‘Alaska’: Rome Review
Elio Germano (‘Leopardi’) and Astrid Berges-Frisbey (‘I Origins’) play star-crossed Franco-Italian lovers in Claudio Cupellini’s sweeping romantic drama.
A romantic drama that aims to be as vast and breathtaking as the U.S. state it’s been named after, Alaska marks a worthy though only partially satisfying attempt by Italian filmmaker Claudio Cupellini to tell a good ol’ fashioned love story on an extremely broad canvas.
Jumping between Paris and Milan, prison and high fashion, sex, guns and death, the movie gets points for its sweeping earnestness and heartfelt performances from stars Elio Germano and Astrid Berges-Frisbey, but suffers under a heavy-duty narrative that grows increasingly implausible as the plot thickens. After a premiere at the Rome Film Festival, it should play decently to local audiences, with possibilities for overseas interest despite an expansive two-hour-plus running time.
Not all couples meet like Italian bad boy Fausto (Germano) and French beauty Nadine (Berges-Frisbey). While the latter is on her first modeling audition, she runs into the former at the five-star Parisian hotel where he works as a waiter. Doing his best to impress, Fausto takes Nadine—who’s wearing only a bra, panties and a duffle coat—upstairs to a 15,000-euro suite. But they wind up being surprised by the room’s occupant, who Fausto impulsively beats the crap out of. Then he lands in jail.
All of this happens within the first 10 minutes, so one wonders how Cupellini and co-writers Filippo Gravino and Guido Iuculano will keep things going for the next two hours. The answer: even more crazy plot twists and turns, taking the couple from France, where they reunite after Fausto’s two-year prison stretch, to Italy, where Nadine has become a successful model while her boyfriend partners up with aging party boy Sandro (Valerio Binasco) to open a chic new nightclub from which the film takes its title.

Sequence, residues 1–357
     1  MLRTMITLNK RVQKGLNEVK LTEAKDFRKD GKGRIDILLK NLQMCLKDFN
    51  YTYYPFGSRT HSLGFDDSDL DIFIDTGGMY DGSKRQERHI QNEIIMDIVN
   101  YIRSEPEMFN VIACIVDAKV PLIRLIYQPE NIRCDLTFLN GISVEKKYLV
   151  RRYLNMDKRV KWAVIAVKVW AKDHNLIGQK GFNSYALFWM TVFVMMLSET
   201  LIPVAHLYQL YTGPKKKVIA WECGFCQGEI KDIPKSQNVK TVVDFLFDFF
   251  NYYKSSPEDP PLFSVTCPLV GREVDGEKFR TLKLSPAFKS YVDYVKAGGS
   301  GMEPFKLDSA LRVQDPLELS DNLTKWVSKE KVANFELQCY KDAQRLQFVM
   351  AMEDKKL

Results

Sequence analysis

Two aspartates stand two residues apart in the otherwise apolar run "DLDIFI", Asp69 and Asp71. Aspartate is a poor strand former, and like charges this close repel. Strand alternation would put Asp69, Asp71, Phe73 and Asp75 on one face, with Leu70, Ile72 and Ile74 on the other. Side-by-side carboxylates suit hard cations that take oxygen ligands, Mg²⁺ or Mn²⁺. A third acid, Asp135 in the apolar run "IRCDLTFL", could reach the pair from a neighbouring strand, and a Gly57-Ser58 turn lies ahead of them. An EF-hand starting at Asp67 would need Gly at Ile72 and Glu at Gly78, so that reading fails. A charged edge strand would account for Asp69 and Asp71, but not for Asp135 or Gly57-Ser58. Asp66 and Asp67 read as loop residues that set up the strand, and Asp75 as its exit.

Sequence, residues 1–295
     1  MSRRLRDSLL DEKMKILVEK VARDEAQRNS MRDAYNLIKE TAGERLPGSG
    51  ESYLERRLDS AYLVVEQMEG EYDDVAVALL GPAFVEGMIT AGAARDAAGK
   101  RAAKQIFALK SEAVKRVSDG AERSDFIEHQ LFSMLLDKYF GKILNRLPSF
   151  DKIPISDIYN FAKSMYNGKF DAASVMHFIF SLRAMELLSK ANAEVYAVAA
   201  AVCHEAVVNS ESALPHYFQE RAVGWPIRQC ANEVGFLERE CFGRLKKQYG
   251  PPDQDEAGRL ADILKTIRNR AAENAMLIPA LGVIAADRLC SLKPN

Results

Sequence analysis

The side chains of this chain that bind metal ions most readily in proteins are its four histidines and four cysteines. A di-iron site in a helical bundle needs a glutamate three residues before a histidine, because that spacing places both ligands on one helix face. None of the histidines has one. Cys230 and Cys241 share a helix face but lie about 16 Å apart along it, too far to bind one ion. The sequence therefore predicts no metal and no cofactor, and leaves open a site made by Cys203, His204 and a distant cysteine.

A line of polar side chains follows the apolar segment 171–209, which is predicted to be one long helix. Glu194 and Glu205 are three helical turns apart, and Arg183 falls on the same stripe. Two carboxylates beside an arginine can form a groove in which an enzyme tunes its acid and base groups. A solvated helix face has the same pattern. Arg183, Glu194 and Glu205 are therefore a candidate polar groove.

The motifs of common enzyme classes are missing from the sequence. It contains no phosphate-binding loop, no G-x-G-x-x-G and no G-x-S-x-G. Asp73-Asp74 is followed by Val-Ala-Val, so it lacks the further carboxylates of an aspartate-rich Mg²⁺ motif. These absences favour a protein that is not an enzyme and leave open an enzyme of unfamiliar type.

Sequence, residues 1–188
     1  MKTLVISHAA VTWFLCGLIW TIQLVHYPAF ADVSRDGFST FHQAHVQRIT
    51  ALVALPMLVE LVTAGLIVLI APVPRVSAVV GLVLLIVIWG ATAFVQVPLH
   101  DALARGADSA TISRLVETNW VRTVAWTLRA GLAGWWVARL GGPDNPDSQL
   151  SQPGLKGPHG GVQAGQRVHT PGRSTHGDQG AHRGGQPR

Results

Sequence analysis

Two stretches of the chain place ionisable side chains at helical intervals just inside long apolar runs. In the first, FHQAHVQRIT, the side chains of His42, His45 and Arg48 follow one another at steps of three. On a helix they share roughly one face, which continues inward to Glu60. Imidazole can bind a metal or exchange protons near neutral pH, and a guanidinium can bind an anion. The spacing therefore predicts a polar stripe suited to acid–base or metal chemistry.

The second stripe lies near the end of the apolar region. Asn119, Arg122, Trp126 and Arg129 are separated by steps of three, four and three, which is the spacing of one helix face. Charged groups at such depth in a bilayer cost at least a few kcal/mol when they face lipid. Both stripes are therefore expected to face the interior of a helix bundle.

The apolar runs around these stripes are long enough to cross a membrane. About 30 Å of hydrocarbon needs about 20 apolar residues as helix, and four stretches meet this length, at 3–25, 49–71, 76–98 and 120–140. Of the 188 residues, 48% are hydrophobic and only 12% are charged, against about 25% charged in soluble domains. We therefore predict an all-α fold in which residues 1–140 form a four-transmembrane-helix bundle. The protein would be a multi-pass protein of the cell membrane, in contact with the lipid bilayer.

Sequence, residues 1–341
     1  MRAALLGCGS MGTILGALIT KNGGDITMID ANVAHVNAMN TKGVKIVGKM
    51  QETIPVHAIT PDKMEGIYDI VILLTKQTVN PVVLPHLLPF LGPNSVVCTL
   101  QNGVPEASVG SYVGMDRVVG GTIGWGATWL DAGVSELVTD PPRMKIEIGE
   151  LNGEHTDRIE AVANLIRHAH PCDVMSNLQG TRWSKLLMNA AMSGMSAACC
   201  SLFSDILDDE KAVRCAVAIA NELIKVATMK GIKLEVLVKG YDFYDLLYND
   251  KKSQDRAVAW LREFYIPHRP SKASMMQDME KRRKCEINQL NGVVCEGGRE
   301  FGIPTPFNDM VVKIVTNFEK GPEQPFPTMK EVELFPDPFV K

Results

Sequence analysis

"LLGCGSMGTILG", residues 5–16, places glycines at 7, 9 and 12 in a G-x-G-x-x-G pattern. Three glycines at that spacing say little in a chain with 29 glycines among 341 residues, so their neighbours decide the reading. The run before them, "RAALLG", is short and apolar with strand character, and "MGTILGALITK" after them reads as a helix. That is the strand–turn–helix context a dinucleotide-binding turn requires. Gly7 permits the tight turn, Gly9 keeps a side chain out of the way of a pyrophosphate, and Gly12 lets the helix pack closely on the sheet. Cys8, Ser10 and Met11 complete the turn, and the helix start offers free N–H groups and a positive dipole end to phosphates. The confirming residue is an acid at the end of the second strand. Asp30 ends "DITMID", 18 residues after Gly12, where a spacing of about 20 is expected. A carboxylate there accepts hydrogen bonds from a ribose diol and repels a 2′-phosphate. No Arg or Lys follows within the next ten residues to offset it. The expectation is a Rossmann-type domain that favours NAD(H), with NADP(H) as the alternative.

The road the two lovebirds set out on is a bumpy one indeed, and each character receives their fair share of punishment: Fausto in the form of a nasty beating and betrayal; Nadine via a car accident that leaves her leg, and career, in shambles. The question is whether they’ll be able to stand the test of time and stay together, and the film definitely goes the long way around the bend to provide an answer, with a final act that doubles down on the drama and loses a fair share of its credibility in the process.
Despite some eye-rolling plot points, Alaska coasts along smoothly enough on the charisma of its two lead players. Germano—who won the equivalent of Italy’s Oscar last year for the biopic Leopardi—is bursting with energy and edginess, turning Fausto into a likeable guy who can lose his cool at any moment. Berges-Frisbey (I Origins) is also memorable as a girl who can’t get by on much more than her good looks, and who finds herself facing a life of mediocrity if Fausto doesn’t step in to save her.
Cupellini already showcased his chops for his award-winning debut, A Quiet Life, as well as on several episodes of the TV version of Gomorrah. He brings plenty of style to the proceedings, working with DP Gergely Poharnok (Taxidermia) to craft a slick urban fable bathed in glowing, widescreen allure. Making strong use of real locations— including the prison where Fausto befriends a French killer/foodie (Roschdy Zem)—the country-hopping co-production works on a logistical level, as well as on a linguistic one (both actors do fine in the other's language). A rollercoaster score from Pasquale Catalano rises and falls with the story, while also mimicking its tendency to overreach.
Production companies: Indiana Production, Rai Cinema
Cast: Elio Germano, Astrid Berges-Frisbey, Valerio Binasco, Elena Radonicich, Roschdy Zem
Director: Claudio Cupellini
Screenwriters: Filippo Gravino, Guido Iuculano, Claudio Cupellini
Producers: Fabrizio Donvito, Benedetto Habib, Marco Cohen
Director of photography: Gergely Poharnok
Production designer: Paki Meduri
Costume designer: Mariano Tufano
Editor: Giuseppe Trepiccione
Composer: Pasquale Catalano
Casting directors: Jorgelina Depetris Pochintesta, Michael Laguens
Sales agent: Films Distribution
No rating, 125 minutes